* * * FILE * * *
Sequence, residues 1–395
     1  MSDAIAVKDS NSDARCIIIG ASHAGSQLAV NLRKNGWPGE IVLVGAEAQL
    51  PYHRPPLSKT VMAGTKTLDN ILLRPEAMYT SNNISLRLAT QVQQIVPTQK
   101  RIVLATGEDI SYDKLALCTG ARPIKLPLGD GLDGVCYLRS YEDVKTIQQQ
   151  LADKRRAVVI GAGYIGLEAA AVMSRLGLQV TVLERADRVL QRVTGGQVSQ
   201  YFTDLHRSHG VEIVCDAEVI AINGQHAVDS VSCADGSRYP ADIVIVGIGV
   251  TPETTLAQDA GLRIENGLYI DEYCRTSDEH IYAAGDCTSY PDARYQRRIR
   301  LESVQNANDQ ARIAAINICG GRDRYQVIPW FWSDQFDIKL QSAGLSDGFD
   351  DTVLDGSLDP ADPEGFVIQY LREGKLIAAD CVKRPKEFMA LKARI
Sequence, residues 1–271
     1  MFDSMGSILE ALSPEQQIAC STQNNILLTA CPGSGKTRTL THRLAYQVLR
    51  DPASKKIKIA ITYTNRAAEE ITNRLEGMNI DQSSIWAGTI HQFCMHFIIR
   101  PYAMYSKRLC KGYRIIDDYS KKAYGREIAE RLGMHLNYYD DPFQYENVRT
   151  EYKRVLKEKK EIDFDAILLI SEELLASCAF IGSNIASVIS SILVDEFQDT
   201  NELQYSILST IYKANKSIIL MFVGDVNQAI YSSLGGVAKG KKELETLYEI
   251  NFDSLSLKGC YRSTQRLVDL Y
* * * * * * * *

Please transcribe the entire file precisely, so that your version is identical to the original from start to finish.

Sequence, residues 1–395
     1  MSDAIAVKDS NSDARCIIIG ASHAGSQLAV NLRKNGWPGE IVLVGAEAQL
    51  PYHRPPLSKT VMAGTKTLDN ILLRPEAMYT SNNISLRLAT QVQQIVPTQK
   101  RIVLATGEDI SYDKLALCTG ARPIKLPLGD GLDGVCYLRS YEDVKTIQQQ
   151  LADKRRAVVI GAGYIGLEAA AVMSRLGLQV TVLERADRVL QRVTGGQVSQ
   201  YFTDLHRSHG VEIVCDAEVI AINGQHAVDS VSCADGSRYP ADIVIVGIGV
   251  TPETTLAQDA GLRIENGLYI DEYCRTSDEH IYAAGDCTSY PDARYQRRIR
   301  LESVQNANDQ ARIAAINICG GRDRYQVIPW FWSDQFDIKL QSAGLSDGFD
   351  DTVLDGSLDP ADPEGFVIQY LREGKLIAAD CVKRPKEFMA LKARI
Sequence, residues 1–271
     1  MFDSMGSILE ALSPEQQIAC STQNNILLTA CPGSGKTRTL THRLAYQVLR
    51  DPASKKIKIA ITYTNRAAEE ITNRLEGMNI DQSSIWAGTI HQFCMHFIIR
   101  PYAMYSKRLC KGYRIIDDYS KKAYGREIAE RLGMHLNYYD DPFQYENVRT
   151  EYKRVLKEKK EIDFDAILLI SEELLASCAF IGSNIASVIS SILVDEFQDT
   201  NELQYSILST IYKANKSIIL MFVGDVNQAI YSSLGGVAKG KKELETLYEI
   251  NFDSLSLKGC YRSTQRLVDL Y